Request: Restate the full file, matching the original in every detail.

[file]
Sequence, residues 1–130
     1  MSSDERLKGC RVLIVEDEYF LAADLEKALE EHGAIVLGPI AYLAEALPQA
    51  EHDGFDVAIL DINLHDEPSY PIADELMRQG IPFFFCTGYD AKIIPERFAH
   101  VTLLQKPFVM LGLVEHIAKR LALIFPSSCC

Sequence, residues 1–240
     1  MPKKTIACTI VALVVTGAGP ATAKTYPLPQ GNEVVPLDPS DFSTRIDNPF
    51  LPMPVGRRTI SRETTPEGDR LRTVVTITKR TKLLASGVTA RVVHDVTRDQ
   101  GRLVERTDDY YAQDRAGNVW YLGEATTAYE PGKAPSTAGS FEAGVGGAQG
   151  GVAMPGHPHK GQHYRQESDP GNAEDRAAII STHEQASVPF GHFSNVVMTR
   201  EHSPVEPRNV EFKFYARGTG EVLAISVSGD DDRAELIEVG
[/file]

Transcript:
Sequence, residues 1–130
     1  MSSDERLKGC RVLIVEDEYF LAADLEKALE EHGAIVLGPI AYLAEALPQA
    51  EHDGFDVAIL DINLHDEPSY PIADELMRQG IPFFFCTGYD AKIIPERFAH
   101  VTLLQKPFVM LGLVEHIAKR LALIFPSSCC

Sequence, residues 1–240
     1  MPKKTIACTI VALVVTGAGP ATAKTYPLPQ GNEVVPLDPS DFSTRIDNPF
    51  LPMPVGRRTI SRETTPEGDR LRTVVTITKR TKLLASGVTA RVVHDVTRDQ
   101  GRLVERTDDY YAQDRAGNVW YLGEATTAYE PGKAPSTAGS FEAGVGGAQG
   151  GVAMPGHPHK GQHYRQESDP GNAEDRAAII STHEQASVPF GHFSNVVMTR
   201  EHSPVEPRNV EFKFYARGTG EVLAISVSGD DDRAELIEVG